I broke the iPad cycle of addiction. Unfortunately, it took breaking the actual iPad.
For the longest time, I had no modern tech toys. No smartphone, no tablet, no netbook. I had a price-leader laptop that I’d used for graduate school…and a PlayStation2. Then I got a decent job and they issued me an iPhone. I loved it – I had the web in my pocket, and it was so darn useful! I checked the weather radars, I navigated as I drove, I found restaurant reviews while out and about. I tried to play some games on it and while fun…the screen was pretty small, so it didn’t dominate my time.
When the iPad came out, I dismissed it. Smaller screen than a netbook and no keyboard? Can’t fit in my pocket? If I want portable internet, I have a smartphone…if I want a real screen I have a laptop. How much was a touchscreen worth to people, anyway? I called it the ”answer to a question that nobody’s asking.”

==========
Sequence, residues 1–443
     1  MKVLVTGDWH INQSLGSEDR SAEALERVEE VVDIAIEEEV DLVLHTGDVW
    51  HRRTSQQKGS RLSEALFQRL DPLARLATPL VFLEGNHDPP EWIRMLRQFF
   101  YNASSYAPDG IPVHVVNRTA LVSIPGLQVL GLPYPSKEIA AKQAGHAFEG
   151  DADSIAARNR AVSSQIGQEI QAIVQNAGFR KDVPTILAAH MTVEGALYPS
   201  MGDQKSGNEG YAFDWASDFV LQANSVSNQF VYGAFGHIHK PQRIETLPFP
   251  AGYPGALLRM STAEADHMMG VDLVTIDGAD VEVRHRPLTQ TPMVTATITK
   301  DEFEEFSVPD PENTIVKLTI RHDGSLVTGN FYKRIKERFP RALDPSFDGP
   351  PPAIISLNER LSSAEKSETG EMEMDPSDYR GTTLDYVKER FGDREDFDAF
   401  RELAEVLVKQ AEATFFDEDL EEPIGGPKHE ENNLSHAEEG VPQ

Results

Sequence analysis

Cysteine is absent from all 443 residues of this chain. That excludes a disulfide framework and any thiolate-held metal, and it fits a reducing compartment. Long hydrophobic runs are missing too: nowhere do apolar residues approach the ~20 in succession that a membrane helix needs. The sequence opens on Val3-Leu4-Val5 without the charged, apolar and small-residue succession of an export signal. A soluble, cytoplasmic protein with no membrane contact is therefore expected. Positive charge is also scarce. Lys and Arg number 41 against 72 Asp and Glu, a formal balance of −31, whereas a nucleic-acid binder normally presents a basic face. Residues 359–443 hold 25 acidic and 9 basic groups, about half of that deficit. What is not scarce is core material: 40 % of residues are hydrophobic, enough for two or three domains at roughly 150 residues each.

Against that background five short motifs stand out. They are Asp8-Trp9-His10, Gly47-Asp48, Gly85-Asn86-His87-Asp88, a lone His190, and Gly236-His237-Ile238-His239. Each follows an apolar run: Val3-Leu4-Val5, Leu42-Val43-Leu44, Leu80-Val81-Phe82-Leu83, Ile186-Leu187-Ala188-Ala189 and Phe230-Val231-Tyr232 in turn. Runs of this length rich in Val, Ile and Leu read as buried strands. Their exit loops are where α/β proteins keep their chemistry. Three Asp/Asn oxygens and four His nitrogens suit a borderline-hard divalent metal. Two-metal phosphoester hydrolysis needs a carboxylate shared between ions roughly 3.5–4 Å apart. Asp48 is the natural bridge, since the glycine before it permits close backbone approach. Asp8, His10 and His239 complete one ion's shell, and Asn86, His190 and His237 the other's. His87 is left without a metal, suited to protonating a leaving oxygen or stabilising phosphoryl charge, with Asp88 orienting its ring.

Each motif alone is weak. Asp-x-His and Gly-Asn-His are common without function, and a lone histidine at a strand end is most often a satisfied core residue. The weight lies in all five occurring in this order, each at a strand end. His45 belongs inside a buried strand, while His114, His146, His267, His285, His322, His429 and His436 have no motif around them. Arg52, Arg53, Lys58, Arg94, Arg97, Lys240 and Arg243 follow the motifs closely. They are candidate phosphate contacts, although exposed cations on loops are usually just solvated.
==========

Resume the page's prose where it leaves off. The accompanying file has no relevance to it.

Then my employer issued one to every IT employee, and I was the “owner” of a new iPad2. Owner is in quotes because they all still belonged to my employer, and we would have to surrender them if we found another job. I thought it was a neat toy – all portable and stuff – but still not really necessary, or desirable.
As I used it I realized that hey, I kind of liked the way it formatted and organized my e-mails…the threading of conversations was eminently usable, and my desktop client of Outlook was unable to do the same. And the calendar was pretty well done as well. I could carry it to meetings easier than my laptop, too…it was so thin I could just pop it into my notepad/folder and carry it to meetings super-easily.
At the time, a large part of my job was customer-facing, and I demonstrated some software packages to physician offices. They were interested in the iPad’s usability, so I installed the Citrix client on it and was able to demo our electronic medical record system to interested physicians. It wasn’t suitable for really using the EMR, but was great for demonstrating.